AAP PROSE Awards Names Its Five 2020 Winners

In News by Porter Anderson2 Comments

The winners of the 2020 PROSE Awards’ main categories honoring scholarly writing now are in competition for the top RR Hawkins Award.

By Porter Anderson, Editor-in-Chief | @Porter_Anderson

Major University Presses Published the Winners
The 2020 PROSE Awards for scholarly publications—having produced what are probably the world’s lengthiest long- and shortlists—today (February 25) have released a five-title list of top winners, one for each of the five top-level divisions in which the awards are given:

  • Biological and Life Sciences
  • Humanities
  • Physical Sciences and Mathematics
  • Reference Works
  • Social Sciences

As Publishing Perspectives readers know, the PROSE Awards are produced by the Association of American Publishers’ 2020 PROSE Awards.

The name of the program, PROSE, stands for Professional and Scholarly Excellence. These awards recognize scholarly works published in the United States in the arts, humanities, biological and physical sciences, reference, and social sciences. And the works eligible for contention in this cycle of the program have to have been copyrighted in 2019.

In a prepared statement, Maria A. Pallante, president and CEO of the association, is quoted today, saying, “This year’s five award winners are each, in its own way, extraordinary works that represent the very best in class in the arts, humanities, and science publishing.

Maria A. Pallante

“With this announcement, the houses that brought these works into the world—Cambridge University Press, Oxford University Press, Princeton University Press, Stanford University Press and Yale University Press—are being honored for the extraordinary role they have played in identifying  and nurturing the authors who created this year’s Excellence winners, and for their critically important contributions to the advancement of learning, knowledge, and understanding.”

The 157-title longlist can be reviewed here. The 49 category winners under the five divisions are here.

A panel of 19 jurors were used to review the more-than 630 entries for this year’s program. Nigel Fletcher-Jones, who directs the program and leads the jury, is quoted saying, “The collective winners of the awards—authors, editors, and publishers—should be immensely proud of their remarkable achievement in a year of record submissions to the PROSE Awards.”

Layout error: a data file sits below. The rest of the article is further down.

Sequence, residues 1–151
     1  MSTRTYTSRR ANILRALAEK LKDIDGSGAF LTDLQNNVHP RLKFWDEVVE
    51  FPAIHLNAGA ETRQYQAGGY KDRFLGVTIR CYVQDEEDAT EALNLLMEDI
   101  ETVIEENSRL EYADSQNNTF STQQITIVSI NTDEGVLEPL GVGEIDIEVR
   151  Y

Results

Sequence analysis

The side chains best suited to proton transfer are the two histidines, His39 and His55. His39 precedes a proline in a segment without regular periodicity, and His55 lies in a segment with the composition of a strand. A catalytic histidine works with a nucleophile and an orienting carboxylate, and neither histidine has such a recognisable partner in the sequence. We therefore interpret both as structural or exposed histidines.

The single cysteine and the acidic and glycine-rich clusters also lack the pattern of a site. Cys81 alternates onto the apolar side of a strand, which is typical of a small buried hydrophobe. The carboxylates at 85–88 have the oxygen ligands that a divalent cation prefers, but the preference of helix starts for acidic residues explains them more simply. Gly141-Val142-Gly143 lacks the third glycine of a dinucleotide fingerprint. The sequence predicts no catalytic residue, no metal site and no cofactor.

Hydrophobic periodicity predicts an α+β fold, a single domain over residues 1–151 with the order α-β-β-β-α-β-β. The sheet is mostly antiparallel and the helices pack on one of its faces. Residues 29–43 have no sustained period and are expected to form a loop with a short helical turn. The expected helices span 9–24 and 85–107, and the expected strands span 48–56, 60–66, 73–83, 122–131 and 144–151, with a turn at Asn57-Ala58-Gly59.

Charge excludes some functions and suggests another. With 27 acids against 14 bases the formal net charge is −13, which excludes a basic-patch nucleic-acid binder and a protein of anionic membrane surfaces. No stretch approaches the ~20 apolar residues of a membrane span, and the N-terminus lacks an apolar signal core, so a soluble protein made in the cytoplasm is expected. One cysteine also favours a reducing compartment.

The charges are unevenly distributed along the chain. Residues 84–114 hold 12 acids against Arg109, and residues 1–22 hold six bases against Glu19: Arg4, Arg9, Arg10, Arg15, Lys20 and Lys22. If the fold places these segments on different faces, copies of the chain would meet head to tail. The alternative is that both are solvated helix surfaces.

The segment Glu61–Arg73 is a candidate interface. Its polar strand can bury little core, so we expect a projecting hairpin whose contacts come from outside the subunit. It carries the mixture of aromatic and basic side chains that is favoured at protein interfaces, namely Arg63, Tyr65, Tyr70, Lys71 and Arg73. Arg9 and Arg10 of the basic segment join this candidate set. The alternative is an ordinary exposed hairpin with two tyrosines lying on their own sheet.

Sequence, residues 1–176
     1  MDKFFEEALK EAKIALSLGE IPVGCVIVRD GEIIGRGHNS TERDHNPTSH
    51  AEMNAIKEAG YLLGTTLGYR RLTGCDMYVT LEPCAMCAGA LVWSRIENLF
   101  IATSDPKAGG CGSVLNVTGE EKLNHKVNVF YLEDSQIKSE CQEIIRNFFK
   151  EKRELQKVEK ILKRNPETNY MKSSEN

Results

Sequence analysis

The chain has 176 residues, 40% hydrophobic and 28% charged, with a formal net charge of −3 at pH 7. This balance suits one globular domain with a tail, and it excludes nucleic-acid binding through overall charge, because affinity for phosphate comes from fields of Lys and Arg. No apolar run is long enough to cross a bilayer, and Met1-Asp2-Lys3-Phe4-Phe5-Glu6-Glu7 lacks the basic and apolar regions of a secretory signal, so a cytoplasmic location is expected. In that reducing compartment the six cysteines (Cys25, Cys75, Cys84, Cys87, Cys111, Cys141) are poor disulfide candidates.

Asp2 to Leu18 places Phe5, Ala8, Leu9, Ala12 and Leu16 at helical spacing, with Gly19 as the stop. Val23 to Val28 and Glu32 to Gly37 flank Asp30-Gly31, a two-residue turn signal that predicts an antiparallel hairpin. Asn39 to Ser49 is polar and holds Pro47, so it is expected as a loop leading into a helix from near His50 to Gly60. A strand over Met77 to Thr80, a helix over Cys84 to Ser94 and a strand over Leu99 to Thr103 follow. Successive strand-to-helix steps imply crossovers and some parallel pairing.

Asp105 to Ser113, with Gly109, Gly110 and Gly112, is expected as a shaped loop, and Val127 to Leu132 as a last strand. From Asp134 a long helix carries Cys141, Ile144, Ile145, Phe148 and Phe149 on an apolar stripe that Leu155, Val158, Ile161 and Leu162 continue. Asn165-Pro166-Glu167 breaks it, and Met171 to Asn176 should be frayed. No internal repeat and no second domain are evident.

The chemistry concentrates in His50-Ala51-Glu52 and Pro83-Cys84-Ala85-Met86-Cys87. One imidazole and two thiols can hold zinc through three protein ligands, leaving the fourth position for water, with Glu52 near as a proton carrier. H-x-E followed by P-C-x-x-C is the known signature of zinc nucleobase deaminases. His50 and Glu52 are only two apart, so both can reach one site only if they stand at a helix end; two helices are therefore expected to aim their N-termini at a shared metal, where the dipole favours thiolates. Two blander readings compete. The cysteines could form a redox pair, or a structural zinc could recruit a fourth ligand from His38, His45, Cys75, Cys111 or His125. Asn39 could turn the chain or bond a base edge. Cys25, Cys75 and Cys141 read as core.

2020 Prose Award Winners

PROSE Award for Excellence in Biological & Life Sciences

2020 PROSE Award in Humanities

PROSE Award in Physical Sciences and Mathematics

PROSE Award in Reference Works

PROSE Award for Excellence in Social Sciences

Just for the record, at list price, a print copy of each of these books would cost a total US$915. The most expensive, predictably for art books, is the Leonardo book by Carmen Bambach, which has a publisher’s retail list price of $550. The least expensive is Philip Ording’s 99 Variations, at $24.95.

The top winner drawn from this group of five is awarded the RR Hawkins honor, and that recipient is to be celebrated on June 23.


More from Publishing Perspectives on the Association of American Publishers is here, more on digital publishing is here, and more on publishing and book awards is here.

About the Author

Porter Anderson

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Porter Anderson has been named International Trade Press Journalist of the Year in London Book Fair's 2019 International Excellence Awards. He is Editor-in-Chief of Publishing Perspectives. He co-founded The Hot Sheet, a newsletter for trade and indie authors, which now is owned and operated by Jane Friedman. He formerly was Associate Editor for The FutureBook at London's The Bookseller. Anderson also has worked as a senior producer, editor, and anchor with CNN.com, CNN International, and CNN USA, and as an arts critic (National Critics Institute) with The Village Voice and Dallas Times Herald.

Comments

  1. It’s not surprising that these presses have won most of the awards. They have won most of the awards in the past also. Their dominance (except for Stanford) is so pervasive that I suspect most smaller stresses do not even bother to submit, I tried when I was director of Penn State University Press, but as I recall, that press has never won a Prose award. It would be interesting to know from AAP which publishers actually submitted titles. My guess is that it is only a very small handful of the largest presses.

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